Will Little Signs Add Up to a Real Soviet Thaw on the Wallenberg Case?

William Korey, director of international policy research for B'nai B'rith, is on a Ford Foundation grant studying American policy and the Helsinki process.

An untold chapter in the recently concluded Helsinki accord talks in Vienna offers the possibility of a positive outcome to the Raoul Wallenberg case. Especially intriguing--and encouraging--were comments made there by the chief of the Soviet delegation, Ambassador Yuri B. Kashlev, who also heads the human-rights bureau of the Soviet foreign ministry.

From time to time, the Wallenberg issue had surfaced in human-rights speeches at the Vienna sessions, but last September, during a closed plenary session, it burst forth in a pointed and dramatic form. Wallenberg himself would have been surprised by the outcome of the discussion.

Ambassador Warren Zimmermann, chief of the U.S. delegation, sparked the plenary debate with favorable references to unprecedented developments in the Soviet Union concerning its history. He noted that the notorious falsifications and cover-ups in history books are now being exposed and corrected. "Blank pages" are being filled in.

A survey of the basic facts of the Wallenberg case followed: How the Swedish aristocrat and diplomat, only 32 years old, had saved tens of thousands of Jews in Budapest from the death camps during 1944. And how Wallenberg suddenly disappeared in January, 1945, while he was on his way to visit the Soviet commander in Hungary. His aim was to outline to the high Soviet officer a relief plan for Hungarian Jewish survivors.

Precisely what happened at this point no one knows. Conflicting statements by Soviet authorities to inquiring Swedish officials marked the subsequent decade. Finally, in February, 1957, Soviet Foreign Minister Andrei A. Gromyko provided the Swedish ambassador in Moscow with official information in an aide-memoire.

According to Gromyko, a document dated July, 1947, and written by a Soviet military doctor in Lubyanka Prison to the minister of state security, reported that a prisoner named Wallenberg had just died and that he would be cremated.

The aide-memoire added that the doctor had since died and the minister of state security had been shot as an anti-Soviet criminal.

Clearly, Moscow's intention was to suppress all appropriate details and to plunge Wallenberg down history's "memory hole." Notwithstanding that, numerous reports in subsequent years would refer to Wallenberg being seen in various places in the Soviet gulag . (A report in Sweden as late as August, 1988, claimed that he had been seen in December, 1986, at a Soviet prison hospital near the Chinese border.)

Ambassador Zimmermann put the troubling historical and personal question to the Vienna plenary last September. Why was Wallenberg arrested? What was his fate? Is he alive or dead? He called for "a full and open accounting of that part of Soviet history affecting a man who stood for so many of the ideals to which we are dedicated."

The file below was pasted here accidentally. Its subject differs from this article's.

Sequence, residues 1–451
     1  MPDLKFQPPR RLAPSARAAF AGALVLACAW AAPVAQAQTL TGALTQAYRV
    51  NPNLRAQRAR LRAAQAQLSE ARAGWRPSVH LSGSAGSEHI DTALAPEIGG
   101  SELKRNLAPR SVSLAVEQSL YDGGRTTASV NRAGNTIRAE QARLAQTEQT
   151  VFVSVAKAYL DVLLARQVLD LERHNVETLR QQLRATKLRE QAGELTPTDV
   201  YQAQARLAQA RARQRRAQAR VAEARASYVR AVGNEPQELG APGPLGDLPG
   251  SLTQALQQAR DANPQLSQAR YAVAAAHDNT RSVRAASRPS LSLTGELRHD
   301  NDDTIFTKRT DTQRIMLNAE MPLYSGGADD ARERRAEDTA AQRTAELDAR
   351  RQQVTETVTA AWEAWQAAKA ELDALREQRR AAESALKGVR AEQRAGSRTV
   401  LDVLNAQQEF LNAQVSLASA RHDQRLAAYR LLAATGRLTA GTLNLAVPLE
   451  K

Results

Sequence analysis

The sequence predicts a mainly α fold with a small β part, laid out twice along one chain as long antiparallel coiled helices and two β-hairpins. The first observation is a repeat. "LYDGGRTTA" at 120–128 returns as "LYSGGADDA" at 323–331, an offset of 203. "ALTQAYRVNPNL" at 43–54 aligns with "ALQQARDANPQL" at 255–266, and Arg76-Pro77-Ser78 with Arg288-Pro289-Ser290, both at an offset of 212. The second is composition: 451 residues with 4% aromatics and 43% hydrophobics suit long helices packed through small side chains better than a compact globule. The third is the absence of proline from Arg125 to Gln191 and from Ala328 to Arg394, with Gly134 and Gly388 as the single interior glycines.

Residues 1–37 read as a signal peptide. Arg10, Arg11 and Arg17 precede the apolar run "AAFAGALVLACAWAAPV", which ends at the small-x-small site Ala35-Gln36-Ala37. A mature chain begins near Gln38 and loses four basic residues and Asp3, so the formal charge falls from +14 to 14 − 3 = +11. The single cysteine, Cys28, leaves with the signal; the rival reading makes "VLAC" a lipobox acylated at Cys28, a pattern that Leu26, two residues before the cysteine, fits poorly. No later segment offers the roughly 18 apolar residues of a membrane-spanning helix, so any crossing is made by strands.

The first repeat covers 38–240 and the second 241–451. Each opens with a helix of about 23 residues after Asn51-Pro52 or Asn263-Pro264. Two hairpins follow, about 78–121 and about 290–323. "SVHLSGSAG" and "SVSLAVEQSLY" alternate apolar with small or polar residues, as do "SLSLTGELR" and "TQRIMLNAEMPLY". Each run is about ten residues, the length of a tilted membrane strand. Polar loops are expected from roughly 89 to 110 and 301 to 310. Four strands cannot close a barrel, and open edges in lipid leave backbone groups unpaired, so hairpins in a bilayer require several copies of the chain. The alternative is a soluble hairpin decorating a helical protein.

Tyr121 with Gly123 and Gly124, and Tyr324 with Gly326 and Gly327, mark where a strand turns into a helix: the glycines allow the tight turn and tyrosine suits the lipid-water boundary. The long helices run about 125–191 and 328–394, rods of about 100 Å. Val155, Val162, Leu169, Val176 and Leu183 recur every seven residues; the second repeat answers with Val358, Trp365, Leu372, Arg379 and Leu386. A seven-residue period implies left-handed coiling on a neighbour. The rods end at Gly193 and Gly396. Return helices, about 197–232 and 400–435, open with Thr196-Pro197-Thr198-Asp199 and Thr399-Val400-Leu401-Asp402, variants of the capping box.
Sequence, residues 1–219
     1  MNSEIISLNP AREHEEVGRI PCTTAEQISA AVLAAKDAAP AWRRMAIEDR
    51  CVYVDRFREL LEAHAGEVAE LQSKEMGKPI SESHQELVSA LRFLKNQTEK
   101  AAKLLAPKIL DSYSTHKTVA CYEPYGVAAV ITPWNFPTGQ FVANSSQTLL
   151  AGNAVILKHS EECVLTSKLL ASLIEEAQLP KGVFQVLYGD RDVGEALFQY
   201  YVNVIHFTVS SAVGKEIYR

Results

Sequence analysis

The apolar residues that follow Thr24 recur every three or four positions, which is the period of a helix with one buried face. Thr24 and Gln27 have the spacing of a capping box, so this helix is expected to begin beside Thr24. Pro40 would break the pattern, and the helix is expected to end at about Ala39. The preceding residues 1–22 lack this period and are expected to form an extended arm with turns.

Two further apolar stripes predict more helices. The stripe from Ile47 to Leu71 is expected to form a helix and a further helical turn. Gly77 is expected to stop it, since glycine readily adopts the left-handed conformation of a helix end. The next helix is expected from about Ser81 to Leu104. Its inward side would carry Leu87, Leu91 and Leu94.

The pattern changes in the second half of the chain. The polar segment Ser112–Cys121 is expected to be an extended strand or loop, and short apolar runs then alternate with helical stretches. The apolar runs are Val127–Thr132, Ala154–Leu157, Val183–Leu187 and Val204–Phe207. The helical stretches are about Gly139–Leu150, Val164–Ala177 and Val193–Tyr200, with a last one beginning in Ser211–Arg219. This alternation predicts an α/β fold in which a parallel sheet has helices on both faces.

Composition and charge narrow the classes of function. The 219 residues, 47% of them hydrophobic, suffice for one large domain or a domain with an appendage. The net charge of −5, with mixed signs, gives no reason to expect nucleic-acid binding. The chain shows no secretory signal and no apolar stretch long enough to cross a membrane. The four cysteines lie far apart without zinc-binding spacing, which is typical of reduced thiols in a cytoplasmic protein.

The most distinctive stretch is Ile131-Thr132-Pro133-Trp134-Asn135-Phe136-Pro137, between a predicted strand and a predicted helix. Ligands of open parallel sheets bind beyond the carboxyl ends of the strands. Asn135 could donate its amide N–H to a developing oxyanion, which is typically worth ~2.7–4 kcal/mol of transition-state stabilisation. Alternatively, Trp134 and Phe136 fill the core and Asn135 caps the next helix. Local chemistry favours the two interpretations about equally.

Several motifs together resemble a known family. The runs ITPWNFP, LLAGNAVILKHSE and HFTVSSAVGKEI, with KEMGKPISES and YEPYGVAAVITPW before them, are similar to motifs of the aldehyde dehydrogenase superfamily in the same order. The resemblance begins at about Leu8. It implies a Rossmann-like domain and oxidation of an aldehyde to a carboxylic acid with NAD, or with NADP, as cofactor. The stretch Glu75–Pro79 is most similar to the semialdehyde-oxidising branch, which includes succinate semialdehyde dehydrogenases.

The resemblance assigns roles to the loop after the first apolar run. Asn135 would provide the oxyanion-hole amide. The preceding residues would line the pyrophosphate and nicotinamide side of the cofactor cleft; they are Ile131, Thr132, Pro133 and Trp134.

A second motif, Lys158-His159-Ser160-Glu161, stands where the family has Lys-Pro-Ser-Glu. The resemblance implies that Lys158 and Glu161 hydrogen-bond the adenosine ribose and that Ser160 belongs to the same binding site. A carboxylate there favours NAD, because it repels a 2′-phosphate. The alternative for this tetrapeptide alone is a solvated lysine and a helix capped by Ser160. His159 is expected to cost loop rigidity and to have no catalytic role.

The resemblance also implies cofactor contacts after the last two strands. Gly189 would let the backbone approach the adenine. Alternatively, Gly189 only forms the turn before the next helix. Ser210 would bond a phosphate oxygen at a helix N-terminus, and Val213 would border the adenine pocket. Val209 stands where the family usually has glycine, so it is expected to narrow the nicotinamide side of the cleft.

The Canadian and British ambassadors quickly joined in the appeal to Moscow for information about Wallenberg. Far more significant was the fact that the United States was also joined by the chief of the Hungarian delegation to the Vienna talks, Andre Erdos. After describing Wallenberg as a hero who was prepared to sacrifice himself for his fellow man, Erdos said: "We would welcome with great emotion any new information which would shed light on his fate or complete our knowledge."

It was the first time that an official from communist Hungary dared to raise questions in an international plenary meeting about Wallenberg. Clearly, a gauntlet challenging Moscow's intentions had been courageously dropped. (Hungary, of course, had permitted the construction of an impressive monument to the Swedish diplomat. But this constituted no challenge to Soviet integrity.)

The denouement of the Vienna debate was even more intriguing than the Hungarian intervention. In response to the sharp queries in the closed plenary, Ambassador Kashlev said that the Soviet Union was aware of the "noble activities" of Raoul Wallenberg.

If Kashlev stunned his listeners with unprecedented laudatory comments about Wallenberg, he also made a firm commitment, presumably on behalf of Moscow: As the stains of Soviet history are cleared up, he promised, if anything is discovered in the process about Wallenberg, the information would be made public.

So far, Moscow authorities have been silent about the Wallenberg case, but an unusual episode in Belgium is most encouraging. On Jan. 19, the day the Helsinki talks ended in Vienna, Belgian Foreign Minister Leo Tindemans joined the Belgian Committee for Raoul Wallenberg in a special ceremony at Brussels' Egmont Palace honoring the Swedish hero-diplomat. Moscow's Ambassador Petr Bogdanov showed up for the solemn event.

For the first time anywhere, a Soviet official had participated in a Wallenberg ceremony. It did not go unnoticed.

Wallenberg's half-brother, Guy von Dardel, told the Brussels gathering that "the presence of the Soviet Ambassador is a significant gesture that . . . gives us hope for a change of the Soviet attitude toward the Wallenberg case."

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